Morning cuppa(Update — I’ll be on with Johnny Wendell, subbing for Randi Rhodes, on KTLK at 12 noon PT/3 pm ET.  You can listen here — JH)

Reports this morning indicate that various factions in Iraq have reached a tentative agreement on the framework for resolving at least two issues — easing up on deBaathification and release of some prisoners held by the US. From the Washington Post:

Iraq’s top five political leaders announced an agreement Sunday night to release thousands of prisoners being held without charge and to reform the law that has kept thousands of members of Saddam Hussein’s political party out of government jobs.

The agreement was publicized after several days of meetings between Prime Minister Nouri al-Maliki, a Shiite; President Jalal Talabani, a Kurd; Vice President Tariq al-Hashimi, a Sunni; Vice President Adel Abdul Mahdi, a Shiite; and Massoud Barzani, president of the semiautonomous Kurdish region.

The Reuter’s version has an important difference:

Although they did not announce details, they said they had agreed on a mechanism for releasing detainees, the text of a law on distributing oil revenue and measures to readmit former members of Saddam Hussein’s Baath Party to public life. [bold mine]

I haven’t seen confirmation that the agreement extends to oil revenues. Neither the NYT or the AP version, which notes that the meetings were overseen by Ambassador Crocker, mentions oil revenues, but AP says this:

But no details were released and committees must hash out final versions of legislation to be presented to parliament. Iraqi officials have announced similar deals in the past, only to have them fall apart.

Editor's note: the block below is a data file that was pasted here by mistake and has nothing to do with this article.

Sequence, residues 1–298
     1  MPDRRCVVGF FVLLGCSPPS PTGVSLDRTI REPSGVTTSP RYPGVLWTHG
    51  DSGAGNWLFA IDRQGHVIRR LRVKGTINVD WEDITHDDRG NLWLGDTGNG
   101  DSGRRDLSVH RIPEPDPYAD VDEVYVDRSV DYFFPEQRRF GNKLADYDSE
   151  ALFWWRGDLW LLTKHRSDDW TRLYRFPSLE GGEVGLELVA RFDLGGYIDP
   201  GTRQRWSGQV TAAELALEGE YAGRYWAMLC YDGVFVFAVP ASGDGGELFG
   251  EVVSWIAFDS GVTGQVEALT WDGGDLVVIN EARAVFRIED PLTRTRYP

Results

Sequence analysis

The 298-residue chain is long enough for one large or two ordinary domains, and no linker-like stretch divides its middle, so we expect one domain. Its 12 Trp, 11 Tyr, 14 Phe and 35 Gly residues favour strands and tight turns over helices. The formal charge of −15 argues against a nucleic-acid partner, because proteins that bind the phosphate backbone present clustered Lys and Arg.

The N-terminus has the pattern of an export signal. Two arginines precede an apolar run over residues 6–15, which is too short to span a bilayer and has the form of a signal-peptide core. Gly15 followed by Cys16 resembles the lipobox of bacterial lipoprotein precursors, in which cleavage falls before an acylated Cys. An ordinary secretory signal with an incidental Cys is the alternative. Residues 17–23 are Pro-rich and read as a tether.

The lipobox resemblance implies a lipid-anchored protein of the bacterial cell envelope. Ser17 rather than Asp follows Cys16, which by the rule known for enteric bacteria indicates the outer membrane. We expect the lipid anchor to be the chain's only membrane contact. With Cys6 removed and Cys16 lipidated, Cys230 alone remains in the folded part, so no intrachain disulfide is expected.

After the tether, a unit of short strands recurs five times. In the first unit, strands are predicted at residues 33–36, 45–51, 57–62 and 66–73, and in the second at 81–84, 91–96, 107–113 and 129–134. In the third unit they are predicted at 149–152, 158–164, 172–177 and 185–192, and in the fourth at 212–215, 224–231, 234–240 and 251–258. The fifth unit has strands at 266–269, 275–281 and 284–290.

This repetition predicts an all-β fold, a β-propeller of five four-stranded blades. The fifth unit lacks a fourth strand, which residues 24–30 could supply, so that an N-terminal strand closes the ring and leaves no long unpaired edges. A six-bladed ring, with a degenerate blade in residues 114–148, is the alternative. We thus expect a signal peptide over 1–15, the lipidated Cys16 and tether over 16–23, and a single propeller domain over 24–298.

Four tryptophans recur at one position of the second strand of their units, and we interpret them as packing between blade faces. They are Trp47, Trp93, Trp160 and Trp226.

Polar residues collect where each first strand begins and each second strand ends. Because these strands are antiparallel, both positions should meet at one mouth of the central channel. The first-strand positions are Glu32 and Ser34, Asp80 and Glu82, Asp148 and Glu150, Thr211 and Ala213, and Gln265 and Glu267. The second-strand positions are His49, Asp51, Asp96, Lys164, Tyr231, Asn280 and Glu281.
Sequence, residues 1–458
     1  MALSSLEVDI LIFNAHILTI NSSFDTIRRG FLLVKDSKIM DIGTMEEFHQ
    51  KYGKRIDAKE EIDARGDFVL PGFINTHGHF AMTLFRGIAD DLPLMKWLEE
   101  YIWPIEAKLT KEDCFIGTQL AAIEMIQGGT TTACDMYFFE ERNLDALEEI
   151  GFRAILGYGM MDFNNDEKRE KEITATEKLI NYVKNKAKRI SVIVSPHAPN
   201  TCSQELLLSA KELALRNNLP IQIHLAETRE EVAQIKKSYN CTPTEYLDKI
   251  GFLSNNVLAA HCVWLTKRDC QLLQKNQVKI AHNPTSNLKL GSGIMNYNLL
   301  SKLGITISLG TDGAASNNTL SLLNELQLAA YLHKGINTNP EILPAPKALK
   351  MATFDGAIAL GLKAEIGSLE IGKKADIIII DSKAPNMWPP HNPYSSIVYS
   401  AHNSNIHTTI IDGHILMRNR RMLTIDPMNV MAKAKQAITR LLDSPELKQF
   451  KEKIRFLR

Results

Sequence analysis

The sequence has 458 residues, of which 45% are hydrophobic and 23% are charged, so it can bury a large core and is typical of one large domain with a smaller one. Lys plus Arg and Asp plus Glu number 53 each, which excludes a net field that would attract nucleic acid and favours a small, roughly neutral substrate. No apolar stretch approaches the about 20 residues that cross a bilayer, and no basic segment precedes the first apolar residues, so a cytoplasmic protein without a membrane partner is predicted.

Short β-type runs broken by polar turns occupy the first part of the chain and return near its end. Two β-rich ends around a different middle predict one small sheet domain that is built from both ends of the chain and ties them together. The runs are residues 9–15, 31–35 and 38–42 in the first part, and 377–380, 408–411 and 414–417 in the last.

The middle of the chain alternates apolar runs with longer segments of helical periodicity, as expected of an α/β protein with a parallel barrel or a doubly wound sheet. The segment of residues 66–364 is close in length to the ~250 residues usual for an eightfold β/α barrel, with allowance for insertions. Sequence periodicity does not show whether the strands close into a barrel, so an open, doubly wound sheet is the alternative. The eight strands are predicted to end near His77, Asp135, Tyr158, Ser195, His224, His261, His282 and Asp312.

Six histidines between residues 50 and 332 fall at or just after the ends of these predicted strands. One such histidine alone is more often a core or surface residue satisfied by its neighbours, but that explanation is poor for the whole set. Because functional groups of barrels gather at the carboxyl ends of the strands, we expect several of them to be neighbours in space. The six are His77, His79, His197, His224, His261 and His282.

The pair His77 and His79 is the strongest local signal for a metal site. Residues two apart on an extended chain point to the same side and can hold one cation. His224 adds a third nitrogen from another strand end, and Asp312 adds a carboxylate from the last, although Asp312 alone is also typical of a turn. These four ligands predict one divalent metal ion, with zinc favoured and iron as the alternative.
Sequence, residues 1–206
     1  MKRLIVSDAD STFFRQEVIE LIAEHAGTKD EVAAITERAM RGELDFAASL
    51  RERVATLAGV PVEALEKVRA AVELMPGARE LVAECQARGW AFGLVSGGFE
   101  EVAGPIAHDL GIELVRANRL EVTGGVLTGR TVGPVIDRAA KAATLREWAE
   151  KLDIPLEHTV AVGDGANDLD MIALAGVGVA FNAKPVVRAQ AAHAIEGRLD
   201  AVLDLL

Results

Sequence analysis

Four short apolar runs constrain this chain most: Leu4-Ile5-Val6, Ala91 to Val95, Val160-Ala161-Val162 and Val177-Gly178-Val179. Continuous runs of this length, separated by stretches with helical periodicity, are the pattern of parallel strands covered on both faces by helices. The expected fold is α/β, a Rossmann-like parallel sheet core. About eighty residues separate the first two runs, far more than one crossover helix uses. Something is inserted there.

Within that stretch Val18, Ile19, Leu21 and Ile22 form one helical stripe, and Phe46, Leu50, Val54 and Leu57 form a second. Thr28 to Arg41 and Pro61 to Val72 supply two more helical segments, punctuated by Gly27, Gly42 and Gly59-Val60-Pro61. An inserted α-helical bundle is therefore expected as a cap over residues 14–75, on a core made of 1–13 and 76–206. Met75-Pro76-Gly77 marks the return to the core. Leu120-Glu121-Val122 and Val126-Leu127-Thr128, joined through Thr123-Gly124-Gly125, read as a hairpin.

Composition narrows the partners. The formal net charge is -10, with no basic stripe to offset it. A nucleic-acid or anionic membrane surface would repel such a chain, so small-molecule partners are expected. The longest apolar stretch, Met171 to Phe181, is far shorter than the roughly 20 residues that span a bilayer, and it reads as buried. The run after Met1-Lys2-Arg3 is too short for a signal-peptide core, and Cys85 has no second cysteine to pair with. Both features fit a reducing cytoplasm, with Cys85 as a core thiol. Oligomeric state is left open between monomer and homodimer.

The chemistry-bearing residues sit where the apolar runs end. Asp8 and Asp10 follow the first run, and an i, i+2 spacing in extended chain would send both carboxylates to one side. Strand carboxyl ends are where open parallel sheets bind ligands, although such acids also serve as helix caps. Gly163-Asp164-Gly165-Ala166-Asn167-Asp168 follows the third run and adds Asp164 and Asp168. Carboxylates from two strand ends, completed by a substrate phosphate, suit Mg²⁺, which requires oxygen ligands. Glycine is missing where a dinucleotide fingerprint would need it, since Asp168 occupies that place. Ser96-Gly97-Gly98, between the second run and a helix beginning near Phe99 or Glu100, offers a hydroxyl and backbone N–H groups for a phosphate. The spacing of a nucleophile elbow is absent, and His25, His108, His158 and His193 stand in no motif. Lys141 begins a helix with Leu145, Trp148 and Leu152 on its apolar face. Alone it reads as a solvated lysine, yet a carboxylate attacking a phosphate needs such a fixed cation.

Back in the non-real world of the Washington Beltway, Sunday’s talk shows showed signs that the White House massive propaganda surge was struggling to keep up with reality.

So they got help from the media.

Tim Russert was his usual self, giving Tom Ricks, Michael Gordon, and Richard Engel a platform. Ricks was sane, suggesting we may be in Act III of a five-act tragedy, but Engel opined that if the Democrats force troop withdrawals, the troops would be angry at them for making them give up the security gains they had just made. Putting aside whether the Iraqis believe these “security gains” have improved or worsened their lives, apparently it is the Democrats’ fault that every US General we have is now talking about how many troops we have to withdraw because the increased numbers of the surge are simply not sustainable and are breaking the Army. When Tim asked how the “gains” could be sustained given the limited number of soldiers, or whether the so called “gains” in Anbar posed a risk of arming Sunnis to war against the central government, Gordon, always the Administration shill, ducked and talked about something else, with no follow up from Russert.